Pension funds face a difficult challenge in coping with market volatility and modelling risk. Lisa Goldberg describes some of the available options in statistical analysis
“Unless drastic measures are taken to save it, the capitalist system throughout the civilised world will be wrecked within a year.” It was only a year ago that the prospect of economic apocalypse dominated the media. Global markets appear tamer now, as volatility has dropped back to pre-crisis levels - but the sense of well-being associated with the recovery is undermined, to some extent, by the disturbing possibility that more turbulence may lie ahead. Drastic measures have been taken to restore a modicum of stability to global markets. Their sustenance and growth requires that institutional investors incorporate broad, dynamic, transparent, empirically sound quantitative risk models and stress tests in their investment and risk management processes.
Future market disruption is inevitable, as is underscored by the 29-year time series of daily returns to the MSCI UK Index (figure 1). This market history spanning several decades reveals calm periods of variable length punctuated by turbulent eruptions, which vary in duration, intensity and other characteristics: extreme risk has been endemic to financial markets, even if it was not always in evidence. For example, the low-volatility four-year period between the collapse of the internet sector and the recent financial crisis missed important aspects of risk, including clusters of extreme events and turbulence.
Pension funds worldwide are searching for ways to meaningfully account for extreme risk in their investment processes. The static statistical analysis underlying many financial models and investment guidelines does not explain the relatively frequent recurrence of market disruptions or the cluster risk that comes from the accompanying alignment of assets and sectors that are normally uncorrelated. True diversification comes from an understanding of market fundamentals, such as the risk factors that are common to asset classes that have traditionally been viewed as distinct. It also relies on empirically-grounded quantitative methods that account for the emergence, evolution and interaction of these risk factors under different conditions and through time. Calibrated to a long data history, a new generation of dynamic, empirically-motivated, factor-based investment tools can generate risk forecasts that take account of financial turbulence without over-forecasting volatility in calm regimes.
The most basic extreme risk measure is shortfall (also known as expected shortfall, conditional value at risk, and expected tail loss): the expected loss, given that a specified (value-at-risk) threshold is breached. Figure 2 illustrates an effective shortfall-forecasting strategy: 29 years of daily returns to MSCI UK are scaled to the current level of volatility, and the most severe scaled losses - extreme events relative to their volatility regimes - are averaged. The importance of volatility scaling is made plain by the observation that a 5% one-day loss to the MSCI UK was not so unusual in the fall of 2009, although it would have been extraordinary in 2006.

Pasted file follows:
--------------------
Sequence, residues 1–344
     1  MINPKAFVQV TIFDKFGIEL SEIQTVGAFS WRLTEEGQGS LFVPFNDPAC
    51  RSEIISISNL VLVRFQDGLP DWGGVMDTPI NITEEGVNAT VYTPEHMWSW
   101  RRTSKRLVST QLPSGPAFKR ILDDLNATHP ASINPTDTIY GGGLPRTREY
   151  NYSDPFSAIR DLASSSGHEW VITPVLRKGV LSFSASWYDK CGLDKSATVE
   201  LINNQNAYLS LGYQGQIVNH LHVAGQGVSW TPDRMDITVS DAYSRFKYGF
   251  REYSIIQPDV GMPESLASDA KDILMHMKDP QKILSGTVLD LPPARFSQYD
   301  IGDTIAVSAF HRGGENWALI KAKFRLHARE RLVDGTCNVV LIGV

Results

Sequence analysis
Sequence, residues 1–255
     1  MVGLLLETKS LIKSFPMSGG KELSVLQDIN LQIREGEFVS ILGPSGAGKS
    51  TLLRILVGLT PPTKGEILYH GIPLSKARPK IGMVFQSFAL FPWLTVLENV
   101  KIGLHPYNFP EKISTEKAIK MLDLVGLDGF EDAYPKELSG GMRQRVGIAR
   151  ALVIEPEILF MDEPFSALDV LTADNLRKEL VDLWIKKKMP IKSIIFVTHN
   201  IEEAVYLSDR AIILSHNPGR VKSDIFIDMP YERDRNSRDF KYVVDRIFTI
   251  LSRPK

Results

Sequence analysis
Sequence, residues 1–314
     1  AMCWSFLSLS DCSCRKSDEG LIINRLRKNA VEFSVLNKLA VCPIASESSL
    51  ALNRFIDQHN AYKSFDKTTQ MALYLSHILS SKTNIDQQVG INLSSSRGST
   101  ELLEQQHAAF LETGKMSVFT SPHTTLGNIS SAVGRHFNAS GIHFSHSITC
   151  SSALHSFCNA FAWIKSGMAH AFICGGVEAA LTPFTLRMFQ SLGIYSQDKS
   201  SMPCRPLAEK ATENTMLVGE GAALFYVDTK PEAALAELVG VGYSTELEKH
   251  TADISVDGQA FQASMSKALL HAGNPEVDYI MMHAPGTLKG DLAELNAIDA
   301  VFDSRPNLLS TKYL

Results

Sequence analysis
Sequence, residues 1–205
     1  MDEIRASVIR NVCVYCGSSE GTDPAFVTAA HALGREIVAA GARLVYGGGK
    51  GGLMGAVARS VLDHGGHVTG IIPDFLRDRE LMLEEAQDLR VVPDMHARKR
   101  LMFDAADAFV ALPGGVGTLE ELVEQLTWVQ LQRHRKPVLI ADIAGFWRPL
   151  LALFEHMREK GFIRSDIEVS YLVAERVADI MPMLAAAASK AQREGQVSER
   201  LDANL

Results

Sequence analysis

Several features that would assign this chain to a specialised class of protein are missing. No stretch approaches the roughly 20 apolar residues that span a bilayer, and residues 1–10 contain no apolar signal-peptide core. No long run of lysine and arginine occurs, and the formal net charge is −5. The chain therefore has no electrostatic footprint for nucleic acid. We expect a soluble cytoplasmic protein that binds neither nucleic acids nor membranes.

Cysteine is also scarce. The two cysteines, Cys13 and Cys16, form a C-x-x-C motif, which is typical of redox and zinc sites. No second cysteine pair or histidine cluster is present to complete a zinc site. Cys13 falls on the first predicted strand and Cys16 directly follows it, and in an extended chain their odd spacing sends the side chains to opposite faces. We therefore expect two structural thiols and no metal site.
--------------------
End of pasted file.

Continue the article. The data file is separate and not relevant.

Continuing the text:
A novel perspective on financial diversification can be obtained from contagion correlation, which measures the risk of extreme events clustering. Like standard correlation, contagion correlation is sensitive to co-movements of securities, asset classes, sectors and risk factors, but it is expressed in terms of shortfall instead of volatility, it distinguishes gains from losses, and it is concentrated on highly improbable events. The term reflects the idea that the coincidence of extreme events may be rooted in counterparty relationships, low liquidity, or a trough in the business cycle.
We illustrate these two types of correlations in figure 3, which shows the time evolution of contagion and standard correlations between the MSCI UK and the Barra Europe Equity Model (EUE3) growth factor. The return to the growth factor is an average of returns to UK firms whose assets or earnings have recently increased, or are forecast to increase in the near term. The first date we consider is 20 November 2007 - after the initial sub-prime mortgage crisis in August 2007 and before the major turbulence of 2008. We see a modest positive correlation between the growth factor and the index, although the contagion correlation exceeds the standard correlation. A year later, both coefficients have increased and the discrepancy between them has decreased. This can be explained by the nature of the crisis, which exhibited extreme volatility (as opposed to extreme events) and blurred the distinctions among risk measures. A fund manager could have heeded the relatively high forecast of contagion correlation between growth and the index late in 2007 and hedged exposure to that factor: growth stocks did not perform well in November 2008 as indicated by their high correlations with the index.
On its own, a static statistical analysis based on market volatility cannot account for two enormous economic disasters within a single century. Nevertheless, the Great Depression of the 1930s and our current situation are separated by only eighty years. Both followed regimes of easy credit and a dismissive attitude to financial risk and were characterised by enormous destruction of wealth, rampant foreclosures and unemployment, frozen credit, widespread concern about the viability of banks, and a fear that capitalism had failed. The opening words of this article were spoken in 1931 by Montagu Collet Norman, Governor of the Bank of England. They could just as easily have been a headline early in 2009.
Lisa Goldberg is executive director of analytic initiatives at MSCI Barra